Collin Maessen is a long time advocate for sound evidence based environmental policies and mostly writes about the subjects of climate change, a range of environmental issues, and the politics surrounding them. He releases his materials via his YouTube channel with supplementary materials, and further original works, on his website RealSceptic.com

22 Responses to “Guest Post: It’s Ice Melt Season, Deniers let the Conspiracy Theories Flow”

  1. astrostevo Says:

    “The 1990 IPCC report had satellite data going back much earlier than 1979, which showed that Arctic peaked in that year, and was much lower in 1974.”

    FWIW, looks from that last graph like 1968 or 69 was the peak year not 1979.
    Of course, this also shows the continued dramatic decline of Arctic sea ice. Also that ice levels in 1974 were lower than what? Certainly NOT recent years so the HIRGO* Deniers are scoring a big own goal straightaway to anyone who actually looks at the data. Which surprises me not one little bit.

    * Human Induced Rapid Global Overheating.

    • astrostevo Says:

      Summing up here :

      According to the conspiracy theory the NSIDC was nefariously hiding earlier satellite data which, uh, umm, well, actually ties in pretty closely with and confirms what the climatologists have been saying all along!


      • Well the data from 68 and 69 is either from records from ships where the edge of the ice or or visual records from satellites (i.e. pictures). Both are rejected by them because they see them as incomplete records.

        Which they are, as they don’t measure the full surface area of the Arctic ice sheet. But it doesn’t mean they are useless. Same goes for the proxy records I’ve seen them often reject.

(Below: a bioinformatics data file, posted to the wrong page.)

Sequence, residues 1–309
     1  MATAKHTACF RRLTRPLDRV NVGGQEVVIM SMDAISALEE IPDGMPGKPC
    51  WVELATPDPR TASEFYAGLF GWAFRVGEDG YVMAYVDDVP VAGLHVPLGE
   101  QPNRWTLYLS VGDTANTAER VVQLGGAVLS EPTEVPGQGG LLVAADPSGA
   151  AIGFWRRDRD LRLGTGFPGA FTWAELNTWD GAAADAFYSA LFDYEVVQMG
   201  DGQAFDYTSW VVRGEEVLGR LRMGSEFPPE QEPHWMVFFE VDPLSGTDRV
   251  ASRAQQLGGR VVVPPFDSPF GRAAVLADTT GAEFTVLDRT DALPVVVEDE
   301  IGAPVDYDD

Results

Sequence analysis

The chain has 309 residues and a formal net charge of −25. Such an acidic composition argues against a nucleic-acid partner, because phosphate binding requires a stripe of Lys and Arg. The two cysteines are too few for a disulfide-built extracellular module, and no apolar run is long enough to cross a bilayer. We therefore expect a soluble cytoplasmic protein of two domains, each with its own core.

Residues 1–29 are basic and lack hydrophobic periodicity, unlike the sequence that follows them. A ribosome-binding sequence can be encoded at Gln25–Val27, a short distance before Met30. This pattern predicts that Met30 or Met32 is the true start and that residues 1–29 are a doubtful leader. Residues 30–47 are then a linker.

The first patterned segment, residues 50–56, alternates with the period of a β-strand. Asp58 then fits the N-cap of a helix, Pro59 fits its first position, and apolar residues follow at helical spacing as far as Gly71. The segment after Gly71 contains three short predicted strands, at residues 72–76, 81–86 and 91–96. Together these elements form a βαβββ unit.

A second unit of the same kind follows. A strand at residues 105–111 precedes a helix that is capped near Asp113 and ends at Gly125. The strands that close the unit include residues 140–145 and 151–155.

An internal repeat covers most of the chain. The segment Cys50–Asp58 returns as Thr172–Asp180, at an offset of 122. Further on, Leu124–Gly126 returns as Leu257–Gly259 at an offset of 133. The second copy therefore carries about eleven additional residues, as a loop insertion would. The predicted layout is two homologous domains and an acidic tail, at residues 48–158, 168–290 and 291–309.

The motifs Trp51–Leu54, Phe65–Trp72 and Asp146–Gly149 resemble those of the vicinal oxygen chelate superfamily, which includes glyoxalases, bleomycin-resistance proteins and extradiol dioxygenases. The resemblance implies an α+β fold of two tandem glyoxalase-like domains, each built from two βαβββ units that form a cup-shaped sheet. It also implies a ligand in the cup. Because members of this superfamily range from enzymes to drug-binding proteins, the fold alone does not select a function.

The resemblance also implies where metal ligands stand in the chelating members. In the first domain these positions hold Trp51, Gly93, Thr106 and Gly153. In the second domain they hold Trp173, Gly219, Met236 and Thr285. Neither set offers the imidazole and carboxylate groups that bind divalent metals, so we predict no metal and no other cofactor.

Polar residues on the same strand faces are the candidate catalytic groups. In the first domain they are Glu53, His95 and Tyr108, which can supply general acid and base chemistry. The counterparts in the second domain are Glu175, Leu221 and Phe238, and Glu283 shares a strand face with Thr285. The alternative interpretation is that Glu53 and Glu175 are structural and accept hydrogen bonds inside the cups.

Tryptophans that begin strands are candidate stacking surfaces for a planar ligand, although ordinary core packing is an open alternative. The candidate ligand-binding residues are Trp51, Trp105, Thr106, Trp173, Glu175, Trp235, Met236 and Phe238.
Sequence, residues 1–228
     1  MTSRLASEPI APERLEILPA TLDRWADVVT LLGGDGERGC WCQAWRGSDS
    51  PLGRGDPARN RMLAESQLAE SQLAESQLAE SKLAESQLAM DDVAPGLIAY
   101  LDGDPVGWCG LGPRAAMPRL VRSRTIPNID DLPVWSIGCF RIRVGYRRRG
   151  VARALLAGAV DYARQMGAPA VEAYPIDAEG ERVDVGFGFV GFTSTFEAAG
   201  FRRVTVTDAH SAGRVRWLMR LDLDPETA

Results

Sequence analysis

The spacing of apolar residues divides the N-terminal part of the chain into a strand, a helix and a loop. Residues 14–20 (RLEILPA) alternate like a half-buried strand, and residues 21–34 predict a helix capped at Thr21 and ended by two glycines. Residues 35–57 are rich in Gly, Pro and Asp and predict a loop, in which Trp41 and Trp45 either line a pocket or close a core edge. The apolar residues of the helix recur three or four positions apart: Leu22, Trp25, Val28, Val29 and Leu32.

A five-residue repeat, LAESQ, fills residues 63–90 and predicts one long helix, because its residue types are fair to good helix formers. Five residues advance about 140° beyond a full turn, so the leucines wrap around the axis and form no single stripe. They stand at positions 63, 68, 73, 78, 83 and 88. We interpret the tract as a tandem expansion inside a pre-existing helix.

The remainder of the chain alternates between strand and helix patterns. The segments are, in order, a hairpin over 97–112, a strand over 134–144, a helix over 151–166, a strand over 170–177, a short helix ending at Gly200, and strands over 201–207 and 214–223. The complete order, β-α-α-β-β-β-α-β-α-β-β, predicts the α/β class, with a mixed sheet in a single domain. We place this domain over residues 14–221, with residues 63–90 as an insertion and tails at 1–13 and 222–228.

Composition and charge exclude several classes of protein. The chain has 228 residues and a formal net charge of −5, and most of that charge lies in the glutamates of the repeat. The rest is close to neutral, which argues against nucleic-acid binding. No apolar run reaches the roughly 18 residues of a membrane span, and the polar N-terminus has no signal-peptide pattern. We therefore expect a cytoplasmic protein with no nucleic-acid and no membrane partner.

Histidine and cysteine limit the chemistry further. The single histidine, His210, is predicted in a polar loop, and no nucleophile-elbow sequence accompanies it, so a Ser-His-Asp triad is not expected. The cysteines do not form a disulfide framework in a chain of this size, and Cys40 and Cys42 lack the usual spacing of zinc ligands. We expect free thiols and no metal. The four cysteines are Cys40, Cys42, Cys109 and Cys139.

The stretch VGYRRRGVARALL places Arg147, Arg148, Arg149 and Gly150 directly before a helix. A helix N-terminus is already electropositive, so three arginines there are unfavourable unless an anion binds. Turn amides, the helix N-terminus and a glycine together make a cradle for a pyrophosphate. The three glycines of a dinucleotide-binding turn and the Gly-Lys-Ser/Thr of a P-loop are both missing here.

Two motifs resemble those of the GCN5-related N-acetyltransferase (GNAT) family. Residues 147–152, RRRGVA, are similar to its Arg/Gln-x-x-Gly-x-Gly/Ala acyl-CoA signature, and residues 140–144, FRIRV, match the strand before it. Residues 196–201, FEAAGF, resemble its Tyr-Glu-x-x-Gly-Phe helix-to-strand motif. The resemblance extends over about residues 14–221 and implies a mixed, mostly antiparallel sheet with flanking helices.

2. They can see it coming.

    When the top of the planet has no sea ice, their game is up.

    And the trials can begin.

    • greenman3610 Says:

      here, here.


      • Bill, Peter are you two on a different planet then us?

        The arguments will be something Like this:

        They were crocodile in the arctic 55 Million years ago that proves this is a natural cycle.

        The climate scientists in the first few years of the 21th century predicted that it should have happed long before now. This prove that they know nothing about climate. ….

        Never underestimate the power of stupidity; especially when money can be poured into their brains.


  3. Misinform, distract, distract… Sad to say, but that’s the Goddard way.

    Or, it could just be that NSIDC is a part of a giant tin foil hat conspiracy, that the Illuminati are still waiting to pull the plug on Goddard because they find him amusing, and that men never walked on the moon.

    For my part, I’m sticking with NSIDC…

  4. NevenA Says:

    So, Goddard is still pushing this lie, eh? If I’m not mistaken I went through this with him two years ago. There are so many differences between the graphs that you can’t just go and splice them together.


    • True, you actually can’t directly compare them as methodology has changed over the years which has consequences for how the data is processed and displayed.

      I just found it interesting to point out what he didn’t show; as that undermines his whole point.


  5. Speaking of Goddard and sea ice, if you haven’t already seen this Downfall parody video, you should definitely check it out. It nails Goddard and Watts — just *nails* ’em: http://www.youtube.com/watch?feature=player_embedded&v=ARJK0MWAITM

    Caveats: Hitler theme (but non-Godwin), and some salty language in the subtitles. Also, the DMCA has been invoked on the video, so you may have to sit through a commercial first (but it’s worth it).


  6. […] Arctic ice melt season is in full swing, so it's the time of year for climate deniers to jingle shiny distractions and distortions to keep their adherents from thinking too hard about the implicati…  […]

  7. indy222 Says:

    I’m glad someone has the stomach for watching that “corner of the internet”. Every time I try, I get so enraged/hopeless that it’s just not good for my health. I just can’t do it, even though I teach climate and need to bring some of this stuff into my course materials.


    • I can’t produce my content if I don’t do that. 😉

      Besides, it helps with keeping myself informed on the subject matter as sometimes they do have a point. Although that’s rare and always not as earth shattering as they then tend to portray it.

  8. dillweed7 Says:

    Hilarious!

    There needs to be a link to this video on every post about the arctic sea ice.

    Definitely a decompressor.


  9. […] a little heads-up for my readers that I’ve written a guest post for Climate Crocks. The following is a snippet from the beginning of the guest […]